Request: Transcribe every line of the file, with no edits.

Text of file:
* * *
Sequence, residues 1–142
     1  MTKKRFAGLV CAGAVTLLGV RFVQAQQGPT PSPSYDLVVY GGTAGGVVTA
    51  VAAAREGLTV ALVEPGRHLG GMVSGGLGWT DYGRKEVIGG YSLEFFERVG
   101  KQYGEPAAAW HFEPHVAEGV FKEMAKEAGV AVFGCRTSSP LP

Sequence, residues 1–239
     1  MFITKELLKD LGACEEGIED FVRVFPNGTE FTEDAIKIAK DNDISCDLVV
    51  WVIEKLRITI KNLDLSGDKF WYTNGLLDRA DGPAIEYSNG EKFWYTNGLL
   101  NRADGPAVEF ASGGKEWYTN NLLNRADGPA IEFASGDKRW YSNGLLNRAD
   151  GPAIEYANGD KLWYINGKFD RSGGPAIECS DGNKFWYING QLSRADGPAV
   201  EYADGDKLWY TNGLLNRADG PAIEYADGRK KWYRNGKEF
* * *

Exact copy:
Sequence, residues 1–142
     1  MTKKRFAGLV CAGAVTLLGV RFVQAQQGPT PSPSYDLVVY GGTAGGVVTA
    51  VAAAREGLTV ALVEPGRHLG GMVSGGLGWT DYGRKEVIGG YSLEFFERVG
   101  KQYGEPAAAW HFEPHVAEGV FKEMAKEAGV AVFGCRTSSP LP

Sequence, residues 1–239
     1  MFITKELLKD LGACEEGIED FVRVFPNGTE FTEDAIKIAK DNDISCDLVV
    51  WVIEKLRITI KNLDLSGDKF WYTNGLLDRA DGPAIEYSNG EKFWYTNGLL
   101  NRADGPAVEF ASGGKEWYTN NLLNRADGPA IEFASGDKRW YSNGLLNRAD
   151  GPAIEYANGD KLWYINGKFD RSGGPAIECS DGNKFWYING QLSRADGPAV
   201  EYADGDKLWY TNGLLNRADG PAIEYADGRK KWYRNGKEF